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Creating an Azure Application for Exchange Online

A new Azure application must be created and configured to support the Data Access Security Exchange Online functionality.

This configuration can be performed either by running the automated powershell script supplied with the SailPoint distribution pack, or by creating and configuring the application through the Azure portal.

Creating and Configuring the Application Automatically

There is a powershell script below will perform all the Azure application creation and configuration steps required for Exchange Online.

To run this script the Azure AD powershell module must be installed.

  1. Open PowerShell as an Administrator.
  2. Install the Azure AD PowerShell module: Install-Module -Name AzureAD
  3. Open the CreateExchangeOnlineApp.ps1 file in a text editor to review the default parameters. The parameters can be edited in the file or passed as parameters when running the script.

    # Configures Azure Application for use as DAS Exchange Online Application:
    #   Creates Exchange Online App  with 'Exchange.ManageAsApp' API permission.
    #   Creates and uploads certificate as app client credential.
    #   Assigns application to directory role.
    #   Prompts for application admin consent.
    # NOTE: Must install Azure AD Powershell before running this script:
    #   Install-Module -Name AzureAD
       [string]$AppName = 'DAS Exchange Cloud Dev App',
       # Available directory roles: Exchange Administrator, Global Administrator, Compliance Administrator
       [string]$DirectoryRole = 'Exchange Administrator', 
       # DnsName will be included in Cert subject name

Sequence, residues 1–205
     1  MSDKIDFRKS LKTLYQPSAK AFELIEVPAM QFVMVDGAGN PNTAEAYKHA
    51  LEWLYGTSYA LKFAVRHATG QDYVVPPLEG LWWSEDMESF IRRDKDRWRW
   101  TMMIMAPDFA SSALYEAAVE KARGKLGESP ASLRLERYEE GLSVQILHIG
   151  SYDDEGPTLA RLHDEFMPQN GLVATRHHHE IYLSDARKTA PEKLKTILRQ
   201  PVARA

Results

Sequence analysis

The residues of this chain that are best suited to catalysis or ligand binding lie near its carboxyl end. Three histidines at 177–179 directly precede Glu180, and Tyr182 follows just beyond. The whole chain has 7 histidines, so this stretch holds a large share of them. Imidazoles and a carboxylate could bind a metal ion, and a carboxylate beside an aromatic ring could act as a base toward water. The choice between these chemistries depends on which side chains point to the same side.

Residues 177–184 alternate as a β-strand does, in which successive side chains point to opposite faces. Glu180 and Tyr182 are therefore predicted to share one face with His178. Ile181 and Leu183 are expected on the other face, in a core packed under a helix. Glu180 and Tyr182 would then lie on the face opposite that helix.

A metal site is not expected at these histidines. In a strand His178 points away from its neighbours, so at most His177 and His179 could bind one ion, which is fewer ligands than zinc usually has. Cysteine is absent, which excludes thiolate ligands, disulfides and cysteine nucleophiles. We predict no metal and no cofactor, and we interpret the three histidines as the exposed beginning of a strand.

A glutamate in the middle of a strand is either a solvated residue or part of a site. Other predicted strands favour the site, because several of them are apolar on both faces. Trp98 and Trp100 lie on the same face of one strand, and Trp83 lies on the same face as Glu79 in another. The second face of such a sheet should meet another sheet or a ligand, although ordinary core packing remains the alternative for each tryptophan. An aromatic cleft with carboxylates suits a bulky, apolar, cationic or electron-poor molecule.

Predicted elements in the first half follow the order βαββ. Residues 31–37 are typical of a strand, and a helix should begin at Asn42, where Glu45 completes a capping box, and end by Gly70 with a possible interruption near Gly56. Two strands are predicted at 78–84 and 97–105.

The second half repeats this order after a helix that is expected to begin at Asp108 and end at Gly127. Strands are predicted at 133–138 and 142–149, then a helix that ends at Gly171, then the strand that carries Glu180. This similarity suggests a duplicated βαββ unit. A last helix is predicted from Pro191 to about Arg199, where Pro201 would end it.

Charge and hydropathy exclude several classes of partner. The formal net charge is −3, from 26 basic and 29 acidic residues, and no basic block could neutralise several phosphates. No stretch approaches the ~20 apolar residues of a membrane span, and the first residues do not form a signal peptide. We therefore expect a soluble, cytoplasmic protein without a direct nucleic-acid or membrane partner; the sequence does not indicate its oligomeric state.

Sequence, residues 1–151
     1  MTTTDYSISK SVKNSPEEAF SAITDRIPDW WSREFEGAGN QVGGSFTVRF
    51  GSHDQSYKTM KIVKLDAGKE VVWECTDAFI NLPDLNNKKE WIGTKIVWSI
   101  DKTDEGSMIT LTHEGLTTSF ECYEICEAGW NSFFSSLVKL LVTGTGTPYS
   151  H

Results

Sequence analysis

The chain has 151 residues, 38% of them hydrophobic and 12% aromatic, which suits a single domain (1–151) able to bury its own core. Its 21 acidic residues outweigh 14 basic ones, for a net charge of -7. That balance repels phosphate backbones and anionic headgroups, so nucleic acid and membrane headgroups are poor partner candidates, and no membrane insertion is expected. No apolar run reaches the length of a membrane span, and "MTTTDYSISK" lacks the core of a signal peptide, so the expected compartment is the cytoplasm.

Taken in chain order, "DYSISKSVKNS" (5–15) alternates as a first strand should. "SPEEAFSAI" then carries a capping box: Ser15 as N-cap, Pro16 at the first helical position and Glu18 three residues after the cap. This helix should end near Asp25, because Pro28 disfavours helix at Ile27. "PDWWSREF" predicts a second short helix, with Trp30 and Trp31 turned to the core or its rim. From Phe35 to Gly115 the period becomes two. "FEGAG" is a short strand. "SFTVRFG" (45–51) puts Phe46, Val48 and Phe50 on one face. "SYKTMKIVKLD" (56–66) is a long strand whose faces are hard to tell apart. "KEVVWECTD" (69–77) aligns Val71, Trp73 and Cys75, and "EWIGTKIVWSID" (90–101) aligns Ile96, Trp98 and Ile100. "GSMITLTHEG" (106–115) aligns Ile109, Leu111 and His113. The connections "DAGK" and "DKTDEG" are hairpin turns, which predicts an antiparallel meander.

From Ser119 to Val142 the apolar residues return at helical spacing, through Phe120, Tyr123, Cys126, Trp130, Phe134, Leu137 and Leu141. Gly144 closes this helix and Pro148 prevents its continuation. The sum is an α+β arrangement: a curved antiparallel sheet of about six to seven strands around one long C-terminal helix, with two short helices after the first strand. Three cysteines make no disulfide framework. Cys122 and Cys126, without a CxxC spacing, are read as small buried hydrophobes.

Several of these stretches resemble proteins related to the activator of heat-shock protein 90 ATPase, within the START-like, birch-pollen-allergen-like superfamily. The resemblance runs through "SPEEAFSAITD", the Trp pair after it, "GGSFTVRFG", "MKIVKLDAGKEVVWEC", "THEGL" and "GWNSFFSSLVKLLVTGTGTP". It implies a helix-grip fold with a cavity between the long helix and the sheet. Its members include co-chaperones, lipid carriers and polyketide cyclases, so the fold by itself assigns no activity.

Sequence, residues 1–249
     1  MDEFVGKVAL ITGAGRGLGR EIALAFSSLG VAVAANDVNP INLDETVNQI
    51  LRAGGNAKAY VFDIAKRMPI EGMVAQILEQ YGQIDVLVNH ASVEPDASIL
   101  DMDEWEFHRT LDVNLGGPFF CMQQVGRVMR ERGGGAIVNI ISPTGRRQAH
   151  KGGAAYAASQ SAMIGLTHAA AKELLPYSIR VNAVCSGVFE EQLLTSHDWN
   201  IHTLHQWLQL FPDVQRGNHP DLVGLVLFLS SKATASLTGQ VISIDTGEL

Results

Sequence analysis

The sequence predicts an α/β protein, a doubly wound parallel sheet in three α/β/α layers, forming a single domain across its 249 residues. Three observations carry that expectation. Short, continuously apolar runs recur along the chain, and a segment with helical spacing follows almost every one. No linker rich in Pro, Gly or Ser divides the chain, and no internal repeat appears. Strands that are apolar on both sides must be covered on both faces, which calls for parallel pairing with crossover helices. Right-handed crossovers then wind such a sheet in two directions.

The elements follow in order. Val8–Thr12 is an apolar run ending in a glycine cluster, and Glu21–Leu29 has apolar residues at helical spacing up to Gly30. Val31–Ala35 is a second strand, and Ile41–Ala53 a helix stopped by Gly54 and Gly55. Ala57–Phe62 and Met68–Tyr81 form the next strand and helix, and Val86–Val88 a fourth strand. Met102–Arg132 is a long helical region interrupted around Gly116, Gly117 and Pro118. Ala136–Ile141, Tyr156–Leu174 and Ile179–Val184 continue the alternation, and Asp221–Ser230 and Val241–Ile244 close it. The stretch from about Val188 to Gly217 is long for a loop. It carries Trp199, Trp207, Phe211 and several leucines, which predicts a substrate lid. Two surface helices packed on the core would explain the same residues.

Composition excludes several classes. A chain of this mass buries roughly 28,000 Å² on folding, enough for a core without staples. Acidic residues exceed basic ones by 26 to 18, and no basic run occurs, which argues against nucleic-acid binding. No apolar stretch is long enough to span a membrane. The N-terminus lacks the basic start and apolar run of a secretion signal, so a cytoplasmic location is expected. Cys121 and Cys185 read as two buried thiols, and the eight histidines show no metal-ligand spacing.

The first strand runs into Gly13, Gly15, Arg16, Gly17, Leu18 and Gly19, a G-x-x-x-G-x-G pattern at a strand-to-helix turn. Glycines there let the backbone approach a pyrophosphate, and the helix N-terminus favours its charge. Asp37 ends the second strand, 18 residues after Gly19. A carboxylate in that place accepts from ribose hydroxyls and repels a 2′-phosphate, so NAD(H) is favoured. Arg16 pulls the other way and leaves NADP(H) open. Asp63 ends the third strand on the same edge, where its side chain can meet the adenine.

[string]$CertDnsName = '',
       [int]$CertYearsValid = 10,
       [int]$SleepBeforeConsentSeconds = 30,
    # Stop the script on error
    $ErrorActionPreference = "Stop"
    'Connecting to Azure AD...'
    'Getting required API details...'
    ## Get the Office 365 Exchange Online API details.
    $api = (Get-AzureADServicePrincipal -Filter "AppID eq '00000002-0000-0ff1-ce00-000000000000'")
    ## Get the API permission ID
    $permission = $api.AppRoles | Where-Object { $_.Value -eq 'Exchange.ManageAsApp' }
    'Building API permissions...'
    ## Build the API permission object (TYPE: Role = Application, Scope = User)
    $apiPermission = [Microsoft.Open.AzureAD.Model.RequiredResourceAccess]@{
       ResourceAppId  = $api.AppId ;
       ResourceAccess = [Microsoft.Open.AzureAD.Model.ResourceAccess]@{
          Id   = $permission.Id ;
          Type = "Role"
    'Registering Azure App...'
    ## Register the new Azure AD App with API Permissions
    $myApp = New-AzureADApplication -DisplayName $AppName -ReplyUrls 'http://localhost' -RequiredResourceAccess $apiPermission
    ## Enable the Service Principal
    $mySP = New-AzureADServicePrincipal -AppID $myApp.AppID
    # Display the new App properties
    "App Display Name: $($myApp.DisplayName)"
    "App ID: $($myApp.AppID)"
    'Creating certificate...'
    ## Find the ObjectID of role
    $RoleId = (Get-AzureADDirectoryRole | Where-Object {$_.displayname -eq $DirectoryRole}).ObjectID
    ## Add the service principal to the directory role
    Add-AzureADDirectoryRoleMember -ObjectId $RoleId -RefObjectId $mySP.ObjectID -Verbose
    # Create certificate